Biologist to address 'climate emergency' that she calls 'a huge human rights crisis'

Biologist, author and anti-fracking activist Sandra Steingraber will be at Lenox High School on Dec. 2 to talk about the effects of fracked gas and PCBs on human health and the environment.

LENOX — Sandra Steingraber doesn't give PowerPoint presentations. No, she won't bore you to death with slides about the science of hydraulic fracturing and its dangers, or about how plankton stocks are declining in warming oceans — stocks that supply us with half the oxygen we breathe.

She doesn't want you to die of boredom. She wants you to fight in a movement that, she said, has to act fast, before it's too late. She said we've got about 10 more years to contain a "climate emergency" before we're sunk in ecological and public health disaster.

"It's a huge human rights crisis," Steingraber said in a phone interview from her Trumansburg, N.Y., home in the Finger Lakes region. "We are now in the eleventh hour."

What biologist, poet, advocate and author Steingraber will do is take you on a little storytelling trip that starts with fossilized corpses of animals deep in the Earth and their voyage to our stove burners and the whoosh of igniting methane.

And she'll do it Dec. 2 at Lenox High School, where, she said, she will tailor her talk to the Berkshires. She will tackle the PCB contamination that plagues the Housatonic River. And she'll talk fracked methane, since a natural gas pipeline just completed in Sandisfield is still sparking controversy.

She will also screen a trailer of "Unfractured," a documentary directed by Chanda Chevannes that follows Steingraber's work as an eco-warrior.

Steingraber, a founder of New Yorkers Against Fracking and Concerned Health Professionals of New York, said the fossil fuel industry is keeping everyone trapped in an archaic and dangerous cycle.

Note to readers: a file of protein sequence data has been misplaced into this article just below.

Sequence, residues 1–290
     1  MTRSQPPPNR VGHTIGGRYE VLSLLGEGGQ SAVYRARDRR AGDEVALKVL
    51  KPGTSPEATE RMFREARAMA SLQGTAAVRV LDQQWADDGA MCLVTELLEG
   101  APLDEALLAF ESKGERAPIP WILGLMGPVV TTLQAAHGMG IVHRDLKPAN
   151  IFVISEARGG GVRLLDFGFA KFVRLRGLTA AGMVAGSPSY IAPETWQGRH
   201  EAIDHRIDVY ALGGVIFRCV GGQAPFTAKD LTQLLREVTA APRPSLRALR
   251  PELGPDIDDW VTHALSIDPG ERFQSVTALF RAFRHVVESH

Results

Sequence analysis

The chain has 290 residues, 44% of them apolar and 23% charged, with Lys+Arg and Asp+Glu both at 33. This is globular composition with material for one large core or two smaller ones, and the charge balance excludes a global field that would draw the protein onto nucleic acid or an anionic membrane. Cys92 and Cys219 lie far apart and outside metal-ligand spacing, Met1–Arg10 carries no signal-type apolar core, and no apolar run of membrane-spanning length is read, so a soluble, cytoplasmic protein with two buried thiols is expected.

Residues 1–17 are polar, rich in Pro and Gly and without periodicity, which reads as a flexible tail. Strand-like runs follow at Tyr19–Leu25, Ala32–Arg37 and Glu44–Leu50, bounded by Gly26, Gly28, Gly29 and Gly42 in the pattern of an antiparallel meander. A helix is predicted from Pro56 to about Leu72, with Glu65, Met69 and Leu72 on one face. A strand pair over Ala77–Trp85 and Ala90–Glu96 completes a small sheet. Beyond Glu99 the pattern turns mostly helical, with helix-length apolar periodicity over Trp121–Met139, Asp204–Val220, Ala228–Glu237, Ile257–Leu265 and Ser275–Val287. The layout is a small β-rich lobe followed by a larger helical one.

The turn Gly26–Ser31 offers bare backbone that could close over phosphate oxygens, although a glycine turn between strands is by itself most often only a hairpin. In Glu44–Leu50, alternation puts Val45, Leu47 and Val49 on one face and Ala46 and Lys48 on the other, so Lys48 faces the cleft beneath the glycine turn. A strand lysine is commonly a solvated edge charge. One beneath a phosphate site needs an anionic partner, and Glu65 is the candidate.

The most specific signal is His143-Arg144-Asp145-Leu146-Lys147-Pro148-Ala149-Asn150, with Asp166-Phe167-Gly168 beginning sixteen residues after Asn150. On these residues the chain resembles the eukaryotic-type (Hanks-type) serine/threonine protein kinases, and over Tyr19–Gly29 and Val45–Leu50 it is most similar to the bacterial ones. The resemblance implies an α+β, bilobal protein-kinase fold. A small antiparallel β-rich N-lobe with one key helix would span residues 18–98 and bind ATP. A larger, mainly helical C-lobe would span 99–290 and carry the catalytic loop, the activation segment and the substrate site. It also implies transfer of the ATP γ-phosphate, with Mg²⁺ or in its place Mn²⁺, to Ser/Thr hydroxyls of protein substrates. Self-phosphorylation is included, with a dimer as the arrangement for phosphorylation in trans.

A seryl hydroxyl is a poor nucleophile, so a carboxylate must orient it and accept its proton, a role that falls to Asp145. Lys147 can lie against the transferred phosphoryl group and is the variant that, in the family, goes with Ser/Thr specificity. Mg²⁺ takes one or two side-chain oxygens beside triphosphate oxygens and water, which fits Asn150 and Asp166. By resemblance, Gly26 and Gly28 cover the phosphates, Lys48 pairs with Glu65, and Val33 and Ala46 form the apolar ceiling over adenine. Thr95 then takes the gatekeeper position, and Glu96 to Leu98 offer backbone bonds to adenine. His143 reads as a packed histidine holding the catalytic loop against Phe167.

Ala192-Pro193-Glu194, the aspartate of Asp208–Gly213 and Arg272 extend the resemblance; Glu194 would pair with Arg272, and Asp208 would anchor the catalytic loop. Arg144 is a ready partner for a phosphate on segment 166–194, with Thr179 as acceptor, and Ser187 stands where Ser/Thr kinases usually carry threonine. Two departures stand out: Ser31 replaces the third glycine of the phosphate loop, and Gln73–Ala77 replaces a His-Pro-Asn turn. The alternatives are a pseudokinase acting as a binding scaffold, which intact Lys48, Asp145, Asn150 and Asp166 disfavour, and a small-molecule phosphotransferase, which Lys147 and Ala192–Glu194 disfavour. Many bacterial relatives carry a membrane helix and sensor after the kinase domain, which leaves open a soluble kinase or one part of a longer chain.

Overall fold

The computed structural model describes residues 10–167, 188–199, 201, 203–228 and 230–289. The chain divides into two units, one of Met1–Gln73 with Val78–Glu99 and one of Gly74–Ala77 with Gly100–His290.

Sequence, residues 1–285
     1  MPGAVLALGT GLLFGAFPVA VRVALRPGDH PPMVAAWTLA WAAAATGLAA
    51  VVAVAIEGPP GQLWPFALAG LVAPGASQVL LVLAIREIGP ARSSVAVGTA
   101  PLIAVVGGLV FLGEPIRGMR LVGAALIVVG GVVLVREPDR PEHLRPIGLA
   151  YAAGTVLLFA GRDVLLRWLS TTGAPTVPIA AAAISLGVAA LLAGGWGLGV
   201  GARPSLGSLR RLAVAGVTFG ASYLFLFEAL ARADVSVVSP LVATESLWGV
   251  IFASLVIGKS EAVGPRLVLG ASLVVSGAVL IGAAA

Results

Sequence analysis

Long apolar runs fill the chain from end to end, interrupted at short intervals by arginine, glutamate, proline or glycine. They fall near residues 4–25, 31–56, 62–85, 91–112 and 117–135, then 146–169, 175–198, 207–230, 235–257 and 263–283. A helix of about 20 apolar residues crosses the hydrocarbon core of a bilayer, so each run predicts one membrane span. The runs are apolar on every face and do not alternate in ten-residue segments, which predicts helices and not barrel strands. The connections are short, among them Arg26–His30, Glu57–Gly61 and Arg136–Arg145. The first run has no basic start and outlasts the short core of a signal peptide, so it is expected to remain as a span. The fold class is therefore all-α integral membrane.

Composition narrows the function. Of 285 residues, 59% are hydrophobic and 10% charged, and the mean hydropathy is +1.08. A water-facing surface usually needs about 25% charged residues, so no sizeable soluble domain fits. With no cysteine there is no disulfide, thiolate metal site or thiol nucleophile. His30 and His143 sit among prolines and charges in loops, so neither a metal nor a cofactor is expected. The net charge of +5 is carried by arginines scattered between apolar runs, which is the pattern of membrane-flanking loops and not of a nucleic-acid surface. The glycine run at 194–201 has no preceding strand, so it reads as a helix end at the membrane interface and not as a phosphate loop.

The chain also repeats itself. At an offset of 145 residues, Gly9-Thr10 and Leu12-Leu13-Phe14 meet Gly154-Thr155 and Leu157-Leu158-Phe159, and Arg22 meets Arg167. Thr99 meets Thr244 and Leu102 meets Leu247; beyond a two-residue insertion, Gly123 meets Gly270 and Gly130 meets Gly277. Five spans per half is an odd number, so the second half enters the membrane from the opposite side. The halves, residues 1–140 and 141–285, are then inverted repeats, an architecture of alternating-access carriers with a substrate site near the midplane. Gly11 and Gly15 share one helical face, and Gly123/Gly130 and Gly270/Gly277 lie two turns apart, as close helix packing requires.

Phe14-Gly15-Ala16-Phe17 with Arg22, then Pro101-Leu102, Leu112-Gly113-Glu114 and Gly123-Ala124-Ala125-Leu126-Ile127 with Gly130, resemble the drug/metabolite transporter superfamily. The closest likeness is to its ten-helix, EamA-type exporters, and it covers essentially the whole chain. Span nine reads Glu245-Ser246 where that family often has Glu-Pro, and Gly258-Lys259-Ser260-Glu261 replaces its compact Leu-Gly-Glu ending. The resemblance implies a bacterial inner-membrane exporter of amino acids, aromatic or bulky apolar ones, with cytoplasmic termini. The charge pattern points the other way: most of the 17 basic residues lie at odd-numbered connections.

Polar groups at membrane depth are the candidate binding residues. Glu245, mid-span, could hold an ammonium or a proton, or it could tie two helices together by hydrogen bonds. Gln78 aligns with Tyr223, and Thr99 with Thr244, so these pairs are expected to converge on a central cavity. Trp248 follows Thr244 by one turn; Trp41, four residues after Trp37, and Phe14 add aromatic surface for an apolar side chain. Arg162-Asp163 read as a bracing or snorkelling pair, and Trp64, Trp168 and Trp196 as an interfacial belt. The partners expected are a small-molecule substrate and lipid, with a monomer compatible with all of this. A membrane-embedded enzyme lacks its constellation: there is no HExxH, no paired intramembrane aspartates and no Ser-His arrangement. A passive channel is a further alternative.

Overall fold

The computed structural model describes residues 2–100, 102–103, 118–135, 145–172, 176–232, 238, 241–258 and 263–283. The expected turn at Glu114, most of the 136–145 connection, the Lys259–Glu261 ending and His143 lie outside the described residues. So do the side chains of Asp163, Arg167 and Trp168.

"It's like we're all still using the rotary dial phone," she said. "We have the energy equivalent of the iPhone, but industry has put us all in a time capsule and is holding us hostage."

But Steingraber said there's not much time left to make changes now hindered by a powerful oil and gas industry.

"I see this as a kind of battle between the future and the past," she said. "We have good data to show that we could entirely run our economy on wind, water and solar, and save lives — we would solve a whole bunch of problems at once."

The rest of the world is advancing, she added, while American industry keeps to its old-fashioned ways.

"The fossil fuel industry isn't voluntarily exiting the stage, so they'll have to be pushed off," she said.

Already doing the pushing are activists in a growing movement that is drawing in many different people and groups as it rolls along. Her role in this activism is to translate the science so people can understand how threats to the climate become public health threats.

She does it poetically as she connects groundwater and raindrops to human blood plasma and cerebral spinal fluid. In some places, the water source is a well; in others, surface water.